Ann Veronica Janssens’ Emulation of Biological Structural Color

Ann Veronica Janssens, a Belgian artist born in the UK, has been experimenting with installations of light and sound since the 1970s. Science and minimalism collide in immersive installations influenced by her early exposure to architecture. Using materials both tangible and intangible, Ann Veronica composes with light, transparency, and refraction. Glass, an architectural material, is used as a channel for emulations of biological transference of light and color. 

Guest Post by Amanda Wall

After the Peacock Wheel, at Bortolami Gallery in the Tribeca neighborhood of Manhattan, is an artist’s experimentation with a conceptual and material hybrid of science and sculpture. The complexity of Ann Veronica’s process involves research, collaboration with Dr. María Boto Ordóñez (an artistic researcher of structural color study), and emulating film interference and light diffraction.

What does this mean exactly? Film interference is light reflected from different surfaces of a thin film, for example, rainbow colors on a soap bubble. Structural color is the phenomenon that occurs in nature that creates the iridescence of a butterfly’s wing, a beetle’s shell, or a peacock’s feather.

The title of this exhibition suggests that Ann Veronica Janssens is imitating natural science rather than reinventing the wheel. She soaks optical glass scored with parallel lines with artificial melanin. When the melanin dries, it forms cracks Ann Veronica describes as “little accidents.” Light, structure, and chemistry combine to create a spray of royal colors: purple, blue, turquoise, and gold. The result is an aesthetically attractive sculptural object that embodies the human perception of light interference and diffraction.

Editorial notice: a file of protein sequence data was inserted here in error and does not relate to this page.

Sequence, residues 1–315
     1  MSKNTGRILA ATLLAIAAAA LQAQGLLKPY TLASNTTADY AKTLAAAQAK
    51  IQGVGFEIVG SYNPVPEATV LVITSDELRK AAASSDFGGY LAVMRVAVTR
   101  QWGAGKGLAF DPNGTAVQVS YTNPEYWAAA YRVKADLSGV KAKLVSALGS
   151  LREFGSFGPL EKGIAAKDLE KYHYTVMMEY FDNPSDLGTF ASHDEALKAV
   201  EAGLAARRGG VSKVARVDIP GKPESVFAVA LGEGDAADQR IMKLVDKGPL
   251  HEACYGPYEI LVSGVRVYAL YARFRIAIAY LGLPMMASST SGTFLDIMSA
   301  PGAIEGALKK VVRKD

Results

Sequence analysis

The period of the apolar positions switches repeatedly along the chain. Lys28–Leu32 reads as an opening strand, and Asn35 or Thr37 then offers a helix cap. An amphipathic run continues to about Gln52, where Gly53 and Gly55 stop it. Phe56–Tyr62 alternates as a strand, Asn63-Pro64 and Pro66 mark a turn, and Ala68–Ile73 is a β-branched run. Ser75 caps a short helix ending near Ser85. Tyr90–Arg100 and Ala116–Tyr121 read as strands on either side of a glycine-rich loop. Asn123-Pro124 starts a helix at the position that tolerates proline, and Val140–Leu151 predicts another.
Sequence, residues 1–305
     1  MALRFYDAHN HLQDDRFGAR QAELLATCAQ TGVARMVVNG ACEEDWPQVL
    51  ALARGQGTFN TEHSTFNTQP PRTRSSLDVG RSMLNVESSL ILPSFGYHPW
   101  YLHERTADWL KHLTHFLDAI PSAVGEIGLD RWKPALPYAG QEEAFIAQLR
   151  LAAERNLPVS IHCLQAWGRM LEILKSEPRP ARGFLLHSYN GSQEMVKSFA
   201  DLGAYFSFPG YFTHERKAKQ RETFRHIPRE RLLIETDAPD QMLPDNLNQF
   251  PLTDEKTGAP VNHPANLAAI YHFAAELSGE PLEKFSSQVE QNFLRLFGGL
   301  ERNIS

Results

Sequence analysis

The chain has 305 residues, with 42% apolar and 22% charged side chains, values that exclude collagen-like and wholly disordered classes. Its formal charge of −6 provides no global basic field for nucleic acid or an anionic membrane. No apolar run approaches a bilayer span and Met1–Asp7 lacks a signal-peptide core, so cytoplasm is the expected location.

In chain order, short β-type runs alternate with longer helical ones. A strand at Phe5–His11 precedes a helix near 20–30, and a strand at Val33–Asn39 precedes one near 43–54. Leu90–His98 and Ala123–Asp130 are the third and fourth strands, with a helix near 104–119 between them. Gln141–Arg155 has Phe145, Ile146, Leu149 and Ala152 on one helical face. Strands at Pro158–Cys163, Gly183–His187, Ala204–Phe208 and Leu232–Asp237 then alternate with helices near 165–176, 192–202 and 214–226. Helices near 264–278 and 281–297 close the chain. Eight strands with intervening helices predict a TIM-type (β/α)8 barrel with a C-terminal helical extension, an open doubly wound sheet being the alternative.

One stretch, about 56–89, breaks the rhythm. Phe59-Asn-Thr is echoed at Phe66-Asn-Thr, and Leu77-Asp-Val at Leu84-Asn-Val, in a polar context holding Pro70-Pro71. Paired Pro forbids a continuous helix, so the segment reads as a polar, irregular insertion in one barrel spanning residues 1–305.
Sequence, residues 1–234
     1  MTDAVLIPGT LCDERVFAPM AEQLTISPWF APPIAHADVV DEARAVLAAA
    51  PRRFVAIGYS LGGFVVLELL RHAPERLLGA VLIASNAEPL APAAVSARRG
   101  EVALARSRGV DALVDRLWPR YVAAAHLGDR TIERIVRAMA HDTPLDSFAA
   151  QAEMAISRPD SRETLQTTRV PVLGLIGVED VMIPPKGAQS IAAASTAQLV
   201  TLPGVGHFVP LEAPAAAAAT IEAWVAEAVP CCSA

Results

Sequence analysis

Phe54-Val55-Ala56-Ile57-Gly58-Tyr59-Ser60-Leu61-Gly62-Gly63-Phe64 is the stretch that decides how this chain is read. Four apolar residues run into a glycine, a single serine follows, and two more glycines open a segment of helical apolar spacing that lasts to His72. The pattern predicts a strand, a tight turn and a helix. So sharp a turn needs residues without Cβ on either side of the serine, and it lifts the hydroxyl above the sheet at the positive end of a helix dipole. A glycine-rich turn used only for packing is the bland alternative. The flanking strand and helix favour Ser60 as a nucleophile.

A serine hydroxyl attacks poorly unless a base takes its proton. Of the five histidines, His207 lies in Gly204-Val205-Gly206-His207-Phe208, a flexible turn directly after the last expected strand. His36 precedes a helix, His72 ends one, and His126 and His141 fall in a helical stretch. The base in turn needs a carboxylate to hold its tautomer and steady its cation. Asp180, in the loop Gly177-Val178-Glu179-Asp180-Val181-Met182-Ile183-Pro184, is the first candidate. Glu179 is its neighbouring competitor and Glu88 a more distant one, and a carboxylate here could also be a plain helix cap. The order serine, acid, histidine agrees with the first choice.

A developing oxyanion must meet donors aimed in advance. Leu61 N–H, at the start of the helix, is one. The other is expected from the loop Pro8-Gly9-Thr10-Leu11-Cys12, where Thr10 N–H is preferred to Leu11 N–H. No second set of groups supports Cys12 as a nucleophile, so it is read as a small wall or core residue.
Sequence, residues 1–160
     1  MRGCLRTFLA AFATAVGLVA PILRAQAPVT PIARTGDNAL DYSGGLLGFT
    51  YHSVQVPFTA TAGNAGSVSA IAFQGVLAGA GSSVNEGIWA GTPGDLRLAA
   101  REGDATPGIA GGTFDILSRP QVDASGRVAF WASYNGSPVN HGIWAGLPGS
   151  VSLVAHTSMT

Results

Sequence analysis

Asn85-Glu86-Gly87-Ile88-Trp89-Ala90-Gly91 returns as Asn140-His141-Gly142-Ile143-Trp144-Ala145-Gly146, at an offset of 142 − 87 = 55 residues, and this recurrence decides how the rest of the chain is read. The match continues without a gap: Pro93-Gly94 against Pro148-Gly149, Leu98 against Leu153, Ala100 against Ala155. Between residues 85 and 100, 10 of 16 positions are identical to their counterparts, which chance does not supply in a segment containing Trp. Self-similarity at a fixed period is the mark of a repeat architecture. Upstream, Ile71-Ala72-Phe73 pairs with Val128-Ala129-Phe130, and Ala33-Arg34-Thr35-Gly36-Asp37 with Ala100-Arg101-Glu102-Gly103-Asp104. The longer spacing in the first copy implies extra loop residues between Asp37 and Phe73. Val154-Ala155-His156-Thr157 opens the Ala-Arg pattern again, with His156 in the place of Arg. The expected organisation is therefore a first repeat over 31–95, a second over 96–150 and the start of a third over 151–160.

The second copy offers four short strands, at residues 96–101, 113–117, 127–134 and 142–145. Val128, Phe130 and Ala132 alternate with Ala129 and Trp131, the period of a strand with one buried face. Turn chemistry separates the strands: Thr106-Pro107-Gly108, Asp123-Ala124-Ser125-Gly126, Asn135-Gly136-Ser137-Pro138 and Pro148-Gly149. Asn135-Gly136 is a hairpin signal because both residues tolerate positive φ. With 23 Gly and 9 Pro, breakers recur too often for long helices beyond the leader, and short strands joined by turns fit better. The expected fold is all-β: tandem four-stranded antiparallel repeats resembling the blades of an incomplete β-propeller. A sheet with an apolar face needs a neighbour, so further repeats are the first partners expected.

Light, structure, and chemistry combine to create a spray of royal colors: purple, blue, turquoise, and gold.

Biologically, the experiment is successful if you consider the purpose of structural color in nature. Structural color is designed to attract a mate or serve as a camouflage as protection against predators. An artist using film interference as a tool to attract the viewer, as well as surrendering control over color, is as metaphorically clever as it is humorous. Ann Veronica Janssens is playing with her audience. She can seduce you and camouflage her emotions simultaneously. An experiment so scientific that the titles are dated and numbered, is protecting the artist from exposing the emotional side of art making.

Rather than plunging into assumptions about Ann Veronica’s psychological intentions or unconscious intentions, one could unpack another theory about the works’ connection to mythology. The preciousness of the beautiful creatures associated with reflective iridescence were revered in ancient cultures. The Greeks, Egyptians, Romans, and Chinese believed in the collective symbolism of birth, transformation, and rebirth. Perhaps the absence of transparent emotion alludes to a deeper meaning transcendent of human fragility. Eternal life has been a common obsession among religions and cultures since the beginning of time. A transcendent experience from reality, or object in this case, to an alternative reality is a portal to the possibility of death, ascension, and rebirth. 

12.05.23 #1 is reminiscent of the scarab beetle of Ancient Egypt, which was a symbol of royalty, protection, and resurrection and represented a similar concept of eternal life in Ancient China. The rolling of beetle dung from sunrise to sunset was seen as a metaphor for the birth of the sun god Khepri. Early Roman Christians interpreted peacocks on the walls of the catacombs of Rome as a symbol of the mortal body traversing to eternal life in Heaven. 

The translation for butterfly in formal Greek is “psyche,” believed to be the soul of the dead. Psykhe (Psyche) was the goddess of the soul and the wife of Eros, god of love. In ancient Rome, the depiction of a butterfly flying out of the mouth of the dead symbolized the soul leaving the body.